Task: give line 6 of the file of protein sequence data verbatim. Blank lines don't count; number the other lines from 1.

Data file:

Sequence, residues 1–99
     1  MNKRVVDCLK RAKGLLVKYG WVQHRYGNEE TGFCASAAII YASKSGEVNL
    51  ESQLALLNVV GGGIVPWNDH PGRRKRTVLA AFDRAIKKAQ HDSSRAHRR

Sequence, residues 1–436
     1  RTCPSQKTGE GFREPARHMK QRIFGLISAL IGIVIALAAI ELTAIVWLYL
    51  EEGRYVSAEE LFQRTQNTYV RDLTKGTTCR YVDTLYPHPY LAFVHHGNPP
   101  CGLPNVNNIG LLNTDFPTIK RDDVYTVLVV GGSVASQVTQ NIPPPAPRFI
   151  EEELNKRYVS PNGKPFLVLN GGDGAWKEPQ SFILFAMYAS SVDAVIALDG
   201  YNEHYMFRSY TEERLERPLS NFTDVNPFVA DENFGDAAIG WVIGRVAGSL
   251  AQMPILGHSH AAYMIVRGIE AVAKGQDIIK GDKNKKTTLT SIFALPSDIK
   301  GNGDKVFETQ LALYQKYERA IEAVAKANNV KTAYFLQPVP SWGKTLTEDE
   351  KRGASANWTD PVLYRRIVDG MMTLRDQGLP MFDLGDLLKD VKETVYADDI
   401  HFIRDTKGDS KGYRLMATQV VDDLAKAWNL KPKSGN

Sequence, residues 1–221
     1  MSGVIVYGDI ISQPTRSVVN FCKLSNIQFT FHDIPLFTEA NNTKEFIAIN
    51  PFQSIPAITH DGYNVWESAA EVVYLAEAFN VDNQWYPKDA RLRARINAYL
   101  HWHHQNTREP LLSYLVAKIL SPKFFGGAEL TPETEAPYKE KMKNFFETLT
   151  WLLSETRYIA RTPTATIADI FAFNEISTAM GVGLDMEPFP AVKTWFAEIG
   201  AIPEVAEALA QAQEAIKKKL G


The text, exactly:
    51  EEGRYVSAEE LFQRTQNTYV RDLTKGTTCR YVDTLYPHPY LAFVHHGNPP